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Selenium is needed for the body to stay healthy. It is important for reproduction, thyroid gland function, DNA production, and protecting the body from damage caused by free radicals and infection.

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›  Health benefits

Scientists have been testing the effects on selenium supplementation for many different diseases.


People who consume a lower amount of selenium have been found to have a higher risk of developing colon, rectal, prostate, lung, bladder, skin, esophagus and stomach cancers. More research needs to be done, as it is not clear whether selenium supplements will reduce the risk of these cancers.

Cognitive decline

Selenium levels in blood decrease with age, and there are studies underway to see whether a low blood level of selenium will contribute to a decline in brain function. Some of these studies have shown that people with lower levels of selenium in the blood are more likely to have poor mental function, but there have also been studies that have shown there is no link between selenium levels and memory. More research is needed.

Thyroid disease

The thyroid gland contains high amounts of selenium. Some studies have shown that those with low levels of selenium in the blood, especially women, may develop problems with the thyroid. More research is needed to confirm a link between the two.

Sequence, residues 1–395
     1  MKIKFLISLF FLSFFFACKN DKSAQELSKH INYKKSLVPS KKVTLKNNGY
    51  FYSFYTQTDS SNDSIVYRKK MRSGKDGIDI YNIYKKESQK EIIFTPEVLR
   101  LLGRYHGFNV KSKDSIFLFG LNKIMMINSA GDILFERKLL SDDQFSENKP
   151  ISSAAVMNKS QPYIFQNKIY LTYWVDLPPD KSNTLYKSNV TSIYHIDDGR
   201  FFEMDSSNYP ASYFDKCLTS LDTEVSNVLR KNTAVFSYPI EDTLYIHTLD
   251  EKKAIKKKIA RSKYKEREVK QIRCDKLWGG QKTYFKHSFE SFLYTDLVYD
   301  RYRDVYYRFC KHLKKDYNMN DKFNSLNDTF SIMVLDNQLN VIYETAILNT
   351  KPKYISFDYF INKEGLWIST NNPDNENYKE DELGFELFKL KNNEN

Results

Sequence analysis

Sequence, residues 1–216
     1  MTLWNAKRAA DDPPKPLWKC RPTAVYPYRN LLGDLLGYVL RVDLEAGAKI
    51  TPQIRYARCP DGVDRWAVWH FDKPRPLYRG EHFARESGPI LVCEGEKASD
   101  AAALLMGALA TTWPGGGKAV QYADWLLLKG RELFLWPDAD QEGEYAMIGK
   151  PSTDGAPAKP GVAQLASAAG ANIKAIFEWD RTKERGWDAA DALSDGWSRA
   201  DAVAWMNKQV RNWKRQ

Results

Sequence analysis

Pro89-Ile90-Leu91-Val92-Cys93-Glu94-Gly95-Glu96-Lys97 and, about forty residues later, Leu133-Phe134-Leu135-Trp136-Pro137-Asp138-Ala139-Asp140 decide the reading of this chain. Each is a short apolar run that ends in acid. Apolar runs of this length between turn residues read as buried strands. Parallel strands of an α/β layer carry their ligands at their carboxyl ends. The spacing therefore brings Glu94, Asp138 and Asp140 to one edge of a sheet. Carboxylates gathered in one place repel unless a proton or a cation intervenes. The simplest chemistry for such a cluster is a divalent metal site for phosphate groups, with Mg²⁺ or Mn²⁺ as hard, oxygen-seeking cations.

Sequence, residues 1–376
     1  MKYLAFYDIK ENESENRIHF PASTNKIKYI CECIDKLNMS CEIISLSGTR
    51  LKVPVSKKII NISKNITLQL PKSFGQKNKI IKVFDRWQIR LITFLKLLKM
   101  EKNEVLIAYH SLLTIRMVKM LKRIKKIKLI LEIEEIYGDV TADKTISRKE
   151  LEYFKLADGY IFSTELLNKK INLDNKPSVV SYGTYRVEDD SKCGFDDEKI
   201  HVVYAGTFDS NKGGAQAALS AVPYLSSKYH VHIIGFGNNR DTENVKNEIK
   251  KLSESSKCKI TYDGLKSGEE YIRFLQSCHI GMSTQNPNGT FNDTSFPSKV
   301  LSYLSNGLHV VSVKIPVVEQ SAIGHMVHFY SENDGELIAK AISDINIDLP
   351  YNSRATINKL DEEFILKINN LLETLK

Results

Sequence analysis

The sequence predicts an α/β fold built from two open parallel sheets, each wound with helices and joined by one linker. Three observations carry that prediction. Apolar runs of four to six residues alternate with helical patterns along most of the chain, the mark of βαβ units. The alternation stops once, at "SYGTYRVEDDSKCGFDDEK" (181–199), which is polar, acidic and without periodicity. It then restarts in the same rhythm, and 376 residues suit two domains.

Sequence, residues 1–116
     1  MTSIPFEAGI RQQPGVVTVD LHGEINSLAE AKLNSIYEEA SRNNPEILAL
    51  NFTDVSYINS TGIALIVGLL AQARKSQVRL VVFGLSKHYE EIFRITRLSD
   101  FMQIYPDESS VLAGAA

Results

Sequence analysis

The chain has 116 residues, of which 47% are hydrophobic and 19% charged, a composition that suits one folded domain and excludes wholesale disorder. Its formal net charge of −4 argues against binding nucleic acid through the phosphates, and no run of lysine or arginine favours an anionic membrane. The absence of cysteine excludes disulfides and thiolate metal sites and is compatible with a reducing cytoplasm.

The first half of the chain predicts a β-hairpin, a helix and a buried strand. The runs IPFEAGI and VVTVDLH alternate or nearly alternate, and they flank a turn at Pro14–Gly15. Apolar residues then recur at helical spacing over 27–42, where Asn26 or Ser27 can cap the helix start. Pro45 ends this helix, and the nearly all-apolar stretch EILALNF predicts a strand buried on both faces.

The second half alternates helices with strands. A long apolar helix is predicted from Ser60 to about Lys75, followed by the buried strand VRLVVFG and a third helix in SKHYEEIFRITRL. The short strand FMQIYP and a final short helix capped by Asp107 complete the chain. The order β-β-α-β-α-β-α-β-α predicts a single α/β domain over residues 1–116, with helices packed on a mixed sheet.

›  How much do I need?

The amount of selenium needed daily depends on age. Most people get enough selenium through their diet. If you are undergoing kidney dialysis, have HIV, or eat only local foods grown in soil that is low in selenium, then you may have trouble getting the recommended amount in your diet. People 14 and over need about 55 micrograms daily. Pregnant women need 60 micrograms daily; breastfeeding women, 70 micrograms.

Selenium deficiency is rare but can occur. It can cause Keshan disease, a type of heart disease, and male infertility. It may also cause a type of arthritis known as Kashin-Beck disease.

Selenium can be harmful in high dosages. Symptoms of too much selenium include garlic-smelling breath, nausea, diarrhea, irritability, skin rashes, brittle hair or nails, discolored teeth, loss of hair or nails, nervous system problems, and a metallic taste in the mouth. Severe issues related to ingestion of too much selenium can include difficulty breathing, tremors, kidney failure, heart attack and heart failure. The upper limit for selenium is about 400 micrograms for people ages 14 and older.

Some medications may interact with selenium supplements, and you should consult a doctor.

›  In food

Selenium can be found in many foods, and the amount of selenium in plant foods is dependent on the amount of selenium in the soil where the food was grown. Just like in plants, the amount of selenium found in animal products is dependent on the amount of selenium in the foods consumed by the animal.

Foods that contain selenium include seafood, meat, poultry, eggs, dairy products, breads, cereals and other grain products.

›  Dietary supplements

Selenium is available in multivitamin supplements and other supplements, and can be present in several forms, such as selenomethionine and sodium selenite.

Source: National Institutes of Health, Office of Dietary Supplements

Please consult your health care provider before making changes to your vitamin/supplement regimen.

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